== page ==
Mark Algee-Hewitt is an assistant professor of Digital Humanities and 18th Century Literature at Stanford University. His work leverages algorithmic models to investigate aesthetic and literary critical phenomena in the long-eighteenth-century, in both England and Germany. He is also the Co-Director of the Stanford Literary lab, where he leads collaborative projects on a diverse range of topics from the emergence of eighteenth-century genres to the narrative basis for the affective experience of suspense.

Tanya Clement is an Assistant Professor in the School of Information at the University of Texas at Austin. She has a PhD in English Literature and Language and an MFA in fiction. Her primary area of research is scholarly information infrastructure. She has published widely on digital humanities and digital literacies as well as scholarly editing , modernist literature, and sound studies. Her current research projects include High Performance Sound Technologies in Access and Scholarship (HiPSTAS).

Ryan Cordell is Assistant Professor of English and Core Founding Faculty Member in the NULab for Texts, Maps, and Networks at Northeastern University. His scholarship focuses on convergences among literary, periodical, and religious culture in antebellum American mass media. Cordell is currently a Mellon Fellow of Critical Bibliography at the Rare Book School in Charlottesville, Virginia, and will hold an ACLS Digital Innovation Fellowship during the 2015-2016 academic year. He also serves as vice president of the Digital Americanists scholarly society; is Co-Editor-in-Chief of centerNet’s forthcoming new journal, DHCommons; and writes about technology in higher education for the group blog ProfHacker at the Chronicle of Higher Education.

Elizabeth Maddock Dillon is professor of English at Northeastern University and the co-founder and co-director of the NULab for Texts, Maps, and Networks at Northeastern. She is the author of New World Drama: The Performative Commons in the Atlantic World, 1649-1849 (Duke 2014) and The Gender of Freedom: Fictions of Liberalism and the Literary Public Sphere (Stanford 2004). She is the recipient of a 2014 Digital Innovations Fellowship from the ACLS for development of the Early Caribbean Digital Archive. She is also a co-founder of the award-winning digital archive, Our Marathon: The Boston Bombing Digital Archive.

Marissa Gemma is a post-doctoral research fellow at the Max Planck Institute for Empirical Aesthetics in Frankfurt. Her current book project is a history of colloquial and speech-based prose styles in nineteenth-century American literature; she is also at work on collaborative projects on the historical relationship of the “canon” to the “archive,” on prose rhythm, and on the development of the concept of authenticity in the early twentieth century. She is co-author of the Stanford Literary Lab pamphlet, “Style at the Scale of the Sentence.”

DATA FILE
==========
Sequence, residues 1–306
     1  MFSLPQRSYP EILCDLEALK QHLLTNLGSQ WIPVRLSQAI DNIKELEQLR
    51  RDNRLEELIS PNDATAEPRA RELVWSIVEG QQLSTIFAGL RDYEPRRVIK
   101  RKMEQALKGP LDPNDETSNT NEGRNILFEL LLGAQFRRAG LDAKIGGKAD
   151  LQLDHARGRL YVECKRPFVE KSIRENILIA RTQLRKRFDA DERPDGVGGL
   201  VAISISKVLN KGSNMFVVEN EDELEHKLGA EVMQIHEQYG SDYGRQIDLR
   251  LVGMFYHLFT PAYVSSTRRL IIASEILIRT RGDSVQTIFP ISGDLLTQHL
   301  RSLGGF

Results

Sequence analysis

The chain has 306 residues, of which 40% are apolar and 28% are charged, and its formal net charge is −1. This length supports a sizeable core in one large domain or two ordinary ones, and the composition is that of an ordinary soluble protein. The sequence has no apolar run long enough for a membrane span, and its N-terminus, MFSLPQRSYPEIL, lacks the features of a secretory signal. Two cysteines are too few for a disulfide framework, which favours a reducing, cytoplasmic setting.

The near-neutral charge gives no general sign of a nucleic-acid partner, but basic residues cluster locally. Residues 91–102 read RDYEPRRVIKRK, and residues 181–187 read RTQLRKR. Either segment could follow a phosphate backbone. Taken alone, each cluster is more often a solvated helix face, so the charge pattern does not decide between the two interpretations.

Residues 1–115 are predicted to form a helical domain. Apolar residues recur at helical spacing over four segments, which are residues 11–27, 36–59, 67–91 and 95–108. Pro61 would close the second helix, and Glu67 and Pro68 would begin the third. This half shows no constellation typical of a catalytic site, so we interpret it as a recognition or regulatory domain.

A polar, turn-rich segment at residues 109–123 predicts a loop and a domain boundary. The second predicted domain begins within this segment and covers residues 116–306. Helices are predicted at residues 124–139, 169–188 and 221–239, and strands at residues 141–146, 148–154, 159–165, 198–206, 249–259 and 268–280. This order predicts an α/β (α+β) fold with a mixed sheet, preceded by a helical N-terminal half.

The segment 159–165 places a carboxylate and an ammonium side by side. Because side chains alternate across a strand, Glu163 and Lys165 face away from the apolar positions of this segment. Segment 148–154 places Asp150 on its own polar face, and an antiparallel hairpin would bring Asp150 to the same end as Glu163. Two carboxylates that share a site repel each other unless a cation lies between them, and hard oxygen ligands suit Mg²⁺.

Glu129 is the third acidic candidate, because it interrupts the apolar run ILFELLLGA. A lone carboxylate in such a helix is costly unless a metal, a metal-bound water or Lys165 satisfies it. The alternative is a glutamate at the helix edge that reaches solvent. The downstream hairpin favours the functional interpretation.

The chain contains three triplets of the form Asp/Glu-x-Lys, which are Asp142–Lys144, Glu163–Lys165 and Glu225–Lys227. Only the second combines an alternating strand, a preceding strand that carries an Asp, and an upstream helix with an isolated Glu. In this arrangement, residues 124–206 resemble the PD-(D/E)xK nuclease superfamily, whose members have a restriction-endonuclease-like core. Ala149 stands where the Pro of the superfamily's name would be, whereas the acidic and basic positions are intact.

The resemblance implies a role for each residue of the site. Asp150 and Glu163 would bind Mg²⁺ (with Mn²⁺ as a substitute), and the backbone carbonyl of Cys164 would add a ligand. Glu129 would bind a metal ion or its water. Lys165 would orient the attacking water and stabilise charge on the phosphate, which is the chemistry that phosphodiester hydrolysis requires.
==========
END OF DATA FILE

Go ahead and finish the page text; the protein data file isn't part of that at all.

Ryan Heuser is a Ph.D. Candidate in English at Stanford University, studying British literature in the late eighteenth and early nineteenth centuries. His research investigates the linguistic, generic, and ideological transformations invoked by narratives of periodization, such as the emergence of romanticism, by developing methods in the digital humanities in order to address questions regarding book history, print culture, and historical formalism. In the Literary Lab, he has developed and participated in a wide range of research projects, including the “Trans-historical Poetry Project” and “Mapping the Emotions of London.”

Natalie M. Houston is an Associate Professor of English at the University of Houston. She is currently writing a book entitled Digital Reading: Poetry and the New Nineteenth-Century Archive, which uses computational methods to explore the cultural function of poetry within Victorian print culture. She directed an NEH-funded project to develop VisualPage, a software application to identify and analyze visual features in digitized printed books. She is also a Co-Director and Technical Director for the Periodical Poetry Index, a research database of citations to English-language poems published in nineteenth-century periodicals. Her research on Victorian poetry and print culture has appeared in journals such as Victorian Studies, Victorian Poetry, and the Yale Journal of Criticism.

Matthew L. Jockers is Associate Professor of English at the University of Nebraska, Faculty Fellow in the Center for Digital Research in the Humanities and Director of the Nebraska Literary Lab.  Jockers’s books include Macroanalysis: Digital Methods and Literary History (University of Illinois, 2013) as well as Text Analysis Using R for Students of Literature (Springer, 2014).  He has written many articles on computational text analysis, authorship attribution, and Irish and Irish-American literature.